St. Louis Winter Outreach | St. Louis Public Radio

St. Louis Winter Outreach

Christ Church Cathedral in downtown St. Louis opens its doors on weekdays and during weekend services to provide a place for the homeless to escape the summer heat.
Nicholas Telep | St. Louis Public Radio

With temperatures expected to climb into the 90s this weekend, volunteers are stepping in to care for the city’s homeless population.

People who live on the streets are likely to become dehydrated and experience heatstroke — because there are few places they can find relief from the heat. Religious organizations and other nonprofits in St. Louis fill the gaps in homeless services, providing meals and opening their doors to the city’s unhoused population.

Homeless people huddle over steam grates near the Enterprise Center as extreme cold temperatures have arrived in St. Louis on January 30, 2019.
Bill Greenblatt | UPI

When Akash Munshi and other Pride St. Louis board members saw the forecast of below-zero temperatures last week, they started planning.

Within two hours of meeting, they decided to keep the organization’s LGBTQ resource building, Pride Center, open overnight for homeless and low-income people. They gathered volunteers, and several community members began collecting money to help pay for the Pride Center’s gas and electrical utilities.

Andy Melton | Flickr

The National Weather Service has warned that dangerously cold weather will hit the St. Louis region Tuesday and stick around through Thursday.

The wind chill could reach as low as minus 40 degrees and could cause frostbite in just 10 minutes, according to the warning.

It’s important to plan ahead for severe weather to prevent cold-related maladies like frostbite and hypothermia, said Washington University School of Medicine professor of emergency medicine Gary Gaddis.

Irene Agustin (left) and Teka Childress joined Thursday's St. Louis on the Air to discuss homelessness in the St. Louis area during the winter season.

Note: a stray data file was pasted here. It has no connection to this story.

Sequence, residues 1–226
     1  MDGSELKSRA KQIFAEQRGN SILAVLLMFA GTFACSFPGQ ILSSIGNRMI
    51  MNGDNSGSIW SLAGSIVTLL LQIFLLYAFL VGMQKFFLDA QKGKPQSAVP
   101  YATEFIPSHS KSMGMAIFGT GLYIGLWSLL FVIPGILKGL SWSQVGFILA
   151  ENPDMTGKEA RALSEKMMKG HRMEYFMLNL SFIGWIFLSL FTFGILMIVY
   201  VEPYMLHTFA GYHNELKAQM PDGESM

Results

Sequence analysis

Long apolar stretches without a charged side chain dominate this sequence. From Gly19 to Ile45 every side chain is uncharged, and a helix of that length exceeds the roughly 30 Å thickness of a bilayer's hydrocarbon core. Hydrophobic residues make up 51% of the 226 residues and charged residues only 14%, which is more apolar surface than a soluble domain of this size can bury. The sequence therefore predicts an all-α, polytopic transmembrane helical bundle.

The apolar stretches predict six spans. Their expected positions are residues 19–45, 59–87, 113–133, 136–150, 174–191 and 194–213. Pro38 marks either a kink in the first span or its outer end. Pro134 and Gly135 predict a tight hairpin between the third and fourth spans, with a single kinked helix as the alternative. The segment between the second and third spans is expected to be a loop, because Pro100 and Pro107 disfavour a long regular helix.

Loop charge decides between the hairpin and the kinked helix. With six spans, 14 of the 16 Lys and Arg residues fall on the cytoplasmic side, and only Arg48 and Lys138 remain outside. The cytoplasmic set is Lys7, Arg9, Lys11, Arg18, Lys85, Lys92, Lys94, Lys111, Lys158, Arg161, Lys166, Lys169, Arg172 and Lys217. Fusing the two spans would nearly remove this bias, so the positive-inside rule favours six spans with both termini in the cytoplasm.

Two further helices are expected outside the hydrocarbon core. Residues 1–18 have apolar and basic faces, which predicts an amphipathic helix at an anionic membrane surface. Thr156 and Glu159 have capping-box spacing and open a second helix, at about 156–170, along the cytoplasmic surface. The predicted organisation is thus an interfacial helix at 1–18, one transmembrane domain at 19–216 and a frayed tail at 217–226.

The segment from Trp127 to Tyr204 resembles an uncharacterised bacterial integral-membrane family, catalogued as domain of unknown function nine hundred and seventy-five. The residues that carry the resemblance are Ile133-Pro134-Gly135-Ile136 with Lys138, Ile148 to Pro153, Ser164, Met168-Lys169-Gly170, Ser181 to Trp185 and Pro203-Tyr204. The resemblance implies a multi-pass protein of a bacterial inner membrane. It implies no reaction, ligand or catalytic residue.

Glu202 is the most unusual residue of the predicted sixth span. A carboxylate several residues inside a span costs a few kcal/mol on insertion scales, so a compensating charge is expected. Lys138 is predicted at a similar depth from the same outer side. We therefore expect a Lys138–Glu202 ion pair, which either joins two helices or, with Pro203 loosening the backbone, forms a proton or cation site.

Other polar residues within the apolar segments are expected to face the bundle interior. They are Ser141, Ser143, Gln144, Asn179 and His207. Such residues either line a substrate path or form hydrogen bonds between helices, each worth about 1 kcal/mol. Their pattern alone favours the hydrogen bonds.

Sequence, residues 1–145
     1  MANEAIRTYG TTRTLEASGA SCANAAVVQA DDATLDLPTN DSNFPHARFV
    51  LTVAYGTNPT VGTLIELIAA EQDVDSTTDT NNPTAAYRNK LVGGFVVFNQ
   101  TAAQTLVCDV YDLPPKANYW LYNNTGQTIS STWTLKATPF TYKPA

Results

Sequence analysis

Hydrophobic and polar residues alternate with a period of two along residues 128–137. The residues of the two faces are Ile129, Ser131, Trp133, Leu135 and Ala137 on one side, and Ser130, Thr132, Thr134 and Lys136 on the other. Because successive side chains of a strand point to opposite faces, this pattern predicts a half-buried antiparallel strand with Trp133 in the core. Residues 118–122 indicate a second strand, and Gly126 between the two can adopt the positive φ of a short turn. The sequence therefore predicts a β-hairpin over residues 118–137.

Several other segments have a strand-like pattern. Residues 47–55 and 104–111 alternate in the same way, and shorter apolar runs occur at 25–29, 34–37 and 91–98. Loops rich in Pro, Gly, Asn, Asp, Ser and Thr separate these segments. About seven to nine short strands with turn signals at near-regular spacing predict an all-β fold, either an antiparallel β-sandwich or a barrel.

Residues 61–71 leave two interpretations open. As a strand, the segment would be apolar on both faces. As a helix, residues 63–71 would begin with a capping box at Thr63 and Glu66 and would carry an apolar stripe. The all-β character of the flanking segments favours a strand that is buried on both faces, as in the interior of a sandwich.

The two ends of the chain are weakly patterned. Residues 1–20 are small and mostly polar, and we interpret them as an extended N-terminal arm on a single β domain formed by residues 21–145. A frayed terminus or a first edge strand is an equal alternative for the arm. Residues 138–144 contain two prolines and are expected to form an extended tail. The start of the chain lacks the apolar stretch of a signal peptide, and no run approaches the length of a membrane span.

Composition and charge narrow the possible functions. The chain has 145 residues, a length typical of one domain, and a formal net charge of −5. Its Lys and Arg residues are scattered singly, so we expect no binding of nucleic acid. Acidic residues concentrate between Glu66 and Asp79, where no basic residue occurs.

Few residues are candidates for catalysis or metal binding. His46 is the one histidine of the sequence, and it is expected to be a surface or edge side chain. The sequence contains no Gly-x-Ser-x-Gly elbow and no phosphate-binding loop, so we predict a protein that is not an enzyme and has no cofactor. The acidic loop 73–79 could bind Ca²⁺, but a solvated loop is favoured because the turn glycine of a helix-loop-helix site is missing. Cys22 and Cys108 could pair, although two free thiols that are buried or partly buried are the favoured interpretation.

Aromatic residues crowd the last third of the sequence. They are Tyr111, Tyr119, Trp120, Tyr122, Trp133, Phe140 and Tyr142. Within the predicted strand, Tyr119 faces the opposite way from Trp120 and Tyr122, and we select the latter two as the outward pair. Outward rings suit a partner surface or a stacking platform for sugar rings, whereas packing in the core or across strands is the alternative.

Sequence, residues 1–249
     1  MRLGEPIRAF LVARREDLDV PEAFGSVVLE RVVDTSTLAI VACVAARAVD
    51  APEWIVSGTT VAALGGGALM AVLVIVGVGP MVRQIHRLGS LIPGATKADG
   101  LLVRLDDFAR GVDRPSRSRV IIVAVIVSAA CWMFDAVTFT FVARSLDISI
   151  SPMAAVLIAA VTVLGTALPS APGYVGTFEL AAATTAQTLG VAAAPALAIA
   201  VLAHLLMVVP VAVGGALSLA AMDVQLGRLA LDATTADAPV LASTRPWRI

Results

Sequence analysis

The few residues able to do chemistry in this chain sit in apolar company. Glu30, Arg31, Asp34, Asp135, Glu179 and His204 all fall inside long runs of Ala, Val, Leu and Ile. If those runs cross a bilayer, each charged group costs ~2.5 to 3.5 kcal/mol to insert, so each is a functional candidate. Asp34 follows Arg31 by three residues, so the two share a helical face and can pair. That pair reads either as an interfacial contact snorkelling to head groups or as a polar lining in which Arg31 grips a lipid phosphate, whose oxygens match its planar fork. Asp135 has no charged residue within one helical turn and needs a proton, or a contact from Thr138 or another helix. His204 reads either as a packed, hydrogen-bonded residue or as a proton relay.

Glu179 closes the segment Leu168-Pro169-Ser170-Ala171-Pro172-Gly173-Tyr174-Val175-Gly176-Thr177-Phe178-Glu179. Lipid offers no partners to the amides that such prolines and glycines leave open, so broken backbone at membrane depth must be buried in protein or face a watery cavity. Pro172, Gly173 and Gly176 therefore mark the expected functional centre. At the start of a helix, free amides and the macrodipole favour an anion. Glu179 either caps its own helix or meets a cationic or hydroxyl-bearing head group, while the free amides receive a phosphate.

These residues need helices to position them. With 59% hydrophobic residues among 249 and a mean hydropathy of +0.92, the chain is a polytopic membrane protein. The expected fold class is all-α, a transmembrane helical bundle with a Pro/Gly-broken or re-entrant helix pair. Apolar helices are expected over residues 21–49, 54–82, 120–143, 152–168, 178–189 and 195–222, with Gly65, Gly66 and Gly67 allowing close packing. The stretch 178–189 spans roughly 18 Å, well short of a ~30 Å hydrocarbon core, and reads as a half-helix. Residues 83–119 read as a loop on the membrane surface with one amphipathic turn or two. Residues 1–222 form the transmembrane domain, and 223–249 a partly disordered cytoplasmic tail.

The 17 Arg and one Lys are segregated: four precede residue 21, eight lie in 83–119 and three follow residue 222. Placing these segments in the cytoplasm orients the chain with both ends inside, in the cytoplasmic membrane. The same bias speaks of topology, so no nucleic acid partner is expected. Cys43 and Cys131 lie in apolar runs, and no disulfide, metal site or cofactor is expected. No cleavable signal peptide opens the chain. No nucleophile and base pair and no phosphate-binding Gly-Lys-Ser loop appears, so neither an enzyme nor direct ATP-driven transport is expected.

EVIE HEMPHILL AND TEKA CHILDRESS

Temperatures have yet to reach their coldest levels this season in the St. Louis area, but people experiencing homelessness are already enduring the unforgiving conditions of a winter without shelter.

Director of the St. Louis Department of Human Services Irene Agustin told host Don Marsh on Thursday’s St. Louis on the Air that the city last counted “a little over 1,300 [unhoused people] both in shelters and on the street.”

But Teka Childress, founder of the volunteer-powered St. Louis Winter Outreach, suggested that this count could be incomplete, due to how challenging it can be to attain an accurate total.

Sign at a homeless tent encampment on sidewalk in downtown St. Louis on Oct. 26, 2017.
File photo | Chelsea Hoye | St. Louis Public Radio

The head of St. Louis’ Department of Human Services has acknowledged the city is not doing enough to help people who need a temporary place to stay during prolonged cold weather.

“There certainly can be improvements that are made,” Irene Agustin, the Human Services director, told a Board of Aldermen committee on Thursday. “I think that’s important to really figure out how do we best respond more quickly.”

Advocates say a heavy police presence in downtown parks, as shown in this June 28, 2016 photo, has driven some people experiencing homelessness into other St. Louis neighborhoods.
File photo | Rachel Lippmann | St. Louis Public Radio

An organization that goes into the streets to make sure people experiencing homelessness are warm and fed is concerned that the rights of the homeless are being violated in downtown St. Louis.

St. Louis Winter Outreach believes people living in shelters and abandoned buildings have borne the brunt of an increased police focus on minor violations promised by the mayor in May after a violent carjacking.

(via Flickr / lateaserikard)

When the weather turns freezing cold, we’re advised to stay indoors as much as possible. But what happens to those without homes to stay warm in? 

That concern is what led Teka Childress to found St. Louis Winter Outreach nine years ago. On nights when the temperature reaches below twenty degrees, volunteers with the St. Louis Winter Outreach go out in search of the homeless and offer them rides to shelters.